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Major Slave Rebellions during 1816,1823 and 1831 Free essay! Download now

Home > A Level > History > Major Slave Rebellions during 1816,1823 and 1831

Major Slave Rebellions during 1816,1823 and 1831

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Downloads to date: N/A | Words: 1604 | Submitted: 13-Feb-2013
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Major Slave Rebellions during 1816,1823 and 1831



The major slave rebellions in (Barbados, Demerara,

and Jamaica) during the period of 1816, 1823 and 1831 was

a time of such brutality towards the slaves in the colonies.

The three main causes of these rebellions are listed below:

Political factors

In Parliament, the Imperial Government passed the

Abolition of the British Slave Trade (1807) mainly

because of the work of Granville Sharp, who was

responsible for bringing it to attention in the court case of

James Somerest whose trial led to slavery being declared

illegal in England by Judge Lord Mansfield after a few

unsuccessful attempts.

After the ending of the Slave Trade they started to

smuggle slaves to England to work on the plantations. This

later came to the attention of the Government who

eventually passed a next law called the Slave Registration

Act (1816) to keep an account on the slaves and to stop the

smuggling of same to England. The aim of this Act was to

have all the names of the slaves on a register so that the

British government could detect planters who were buying

them illegally from other colonies owned by Britain or

in another European country.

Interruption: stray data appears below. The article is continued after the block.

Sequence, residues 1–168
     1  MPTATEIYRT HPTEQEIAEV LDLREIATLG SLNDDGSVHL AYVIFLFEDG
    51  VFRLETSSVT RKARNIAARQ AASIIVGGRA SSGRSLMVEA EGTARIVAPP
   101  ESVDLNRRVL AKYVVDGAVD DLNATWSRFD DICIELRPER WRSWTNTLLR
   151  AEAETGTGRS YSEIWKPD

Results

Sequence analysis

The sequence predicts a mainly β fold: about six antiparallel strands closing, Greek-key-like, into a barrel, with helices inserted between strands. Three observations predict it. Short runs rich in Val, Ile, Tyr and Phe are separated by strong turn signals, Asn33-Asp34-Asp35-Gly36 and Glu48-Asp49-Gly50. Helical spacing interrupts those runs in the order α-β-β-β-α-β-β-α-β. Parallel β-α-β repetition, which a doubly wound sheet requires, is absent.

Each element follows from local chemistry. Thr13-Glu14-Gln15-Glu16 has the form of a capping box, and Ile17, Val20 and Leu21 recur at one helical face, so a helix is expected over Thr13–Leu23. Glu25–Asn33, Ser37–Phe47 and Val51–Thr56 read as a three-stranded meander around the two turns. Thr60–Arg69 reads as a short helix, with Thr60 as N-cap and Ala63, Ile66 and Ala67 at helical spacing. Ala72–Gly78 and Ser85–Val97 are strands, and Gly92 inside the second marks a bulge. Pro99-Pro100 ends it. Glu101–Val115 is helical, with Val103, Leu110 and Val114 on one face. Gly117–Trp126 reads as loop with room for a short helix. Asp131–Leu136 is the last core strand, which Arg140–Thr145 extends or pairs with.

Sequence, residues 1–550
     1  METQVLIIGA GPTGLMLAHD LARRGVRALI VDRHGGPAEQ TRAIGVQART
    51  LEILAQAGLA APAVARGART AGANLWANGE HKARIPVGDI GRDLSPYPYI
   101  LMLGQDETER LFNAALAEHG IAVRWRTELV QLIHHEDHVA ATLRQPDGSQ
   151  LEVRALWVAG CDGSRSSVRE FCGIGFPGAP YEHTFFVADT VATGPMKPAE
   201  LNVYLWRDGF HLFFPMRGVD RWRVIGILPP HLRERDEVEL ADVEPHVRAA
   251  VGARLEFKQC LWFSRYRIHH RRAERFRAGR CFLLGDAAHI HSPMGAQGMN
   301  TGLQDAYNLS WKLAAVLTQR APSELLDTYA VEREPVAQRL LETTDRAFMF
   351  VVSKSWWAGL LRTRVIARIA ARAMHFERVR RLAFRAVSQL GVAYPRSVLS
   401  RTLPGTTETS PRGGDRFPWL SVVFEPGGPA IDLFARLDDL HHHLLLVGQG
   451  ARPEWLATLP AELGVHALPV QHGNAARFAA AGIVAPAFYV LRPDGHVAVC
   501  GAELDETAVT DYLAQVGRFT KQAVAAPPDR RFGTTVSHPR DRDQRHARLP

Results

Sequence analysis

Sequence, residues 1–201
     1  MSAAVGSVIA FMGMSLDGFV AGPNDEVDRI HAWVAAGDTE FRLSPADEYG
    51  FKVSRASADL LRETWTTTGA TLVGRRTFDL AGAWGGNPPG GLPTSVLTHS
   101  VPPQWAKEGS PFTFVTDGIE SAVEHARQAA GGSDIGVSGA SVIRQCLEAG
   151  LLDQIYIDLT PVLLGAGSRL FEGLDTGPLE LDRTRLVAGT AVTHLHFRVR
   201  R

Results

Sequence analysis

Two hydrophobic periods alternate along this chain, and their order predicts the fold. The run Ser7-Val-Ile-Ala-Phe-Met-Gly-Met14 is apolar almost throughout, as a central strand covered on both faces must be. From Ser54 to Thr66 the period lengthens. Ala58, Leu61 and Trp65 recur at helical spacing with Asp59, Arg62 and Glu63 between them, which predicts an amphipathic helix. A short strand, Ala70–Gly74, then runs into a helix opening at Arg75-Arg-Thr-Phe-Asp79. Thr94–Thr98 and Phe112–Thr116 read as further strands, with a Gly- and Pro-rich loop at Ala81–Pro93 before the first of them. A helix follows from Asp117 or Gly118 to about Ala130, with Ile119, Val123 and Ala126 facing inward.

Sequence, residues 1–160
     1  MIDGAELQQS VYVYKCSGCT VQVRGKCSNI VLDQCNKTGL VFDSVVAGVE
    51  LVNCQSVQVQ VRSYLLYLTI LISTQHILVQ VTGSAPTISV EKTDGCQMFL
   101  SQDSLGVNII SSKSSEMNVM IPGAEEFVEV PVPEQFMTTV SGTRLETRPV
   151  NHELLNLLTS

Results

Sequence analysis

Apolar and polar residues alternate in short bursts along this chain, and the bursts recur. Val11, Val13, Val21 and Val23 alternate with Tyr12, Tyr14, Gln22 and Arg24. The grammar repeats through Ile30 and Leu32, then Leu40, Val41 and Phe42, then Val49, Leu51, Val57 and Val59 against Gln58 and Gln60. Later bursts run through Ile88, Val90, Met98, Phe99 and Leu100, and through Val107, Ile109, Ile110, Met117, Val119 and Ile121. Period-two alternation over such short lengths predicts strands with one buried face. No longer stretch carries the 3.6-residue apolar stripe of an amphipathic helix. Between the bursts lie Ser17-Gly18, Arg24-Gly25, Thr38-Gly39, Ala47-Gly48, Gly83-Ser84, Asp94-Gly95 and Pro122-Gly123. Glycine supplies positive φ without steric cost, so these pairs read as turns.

Agitation amongst slaves were increasing in the

region in that time, and slave rebellions were becoming

increasingly frequent as the Imperial Government didnít

want a repeat of what happened in Haiti, so they tried to

moderate the conduct of the worst slave owners, as a

measure to control the outbreaks of violence in the colonies

by instituting the Amelioration Act.
The rebellions were carried out by charismatic

leaders like: Bussa (an African born slave), Nanny Griggs,

Jackey, Roach, and Ranger from the Barbados rebellion,

Quamina (a slave who was a deacon) from Demerara and

Sam Sharp (an educated creole slave) from the Jamaica

Social factors

On the plantation the slaves worked under unfair

conditions. They were treated like animals and/or lower

than whites and the conditions were so cruel that the

plantations had a high turnover rate of slaves due to deaths

and desertion. The teaching of the missionaries entailed

that every man no matter which complexion or the money

they had, everyone was equal in the sight of god and that

all Christians were brothers. And there was a greater

population of blacks than whites.

Economical factors

In the 19th century sugar were no longer important to

the ...

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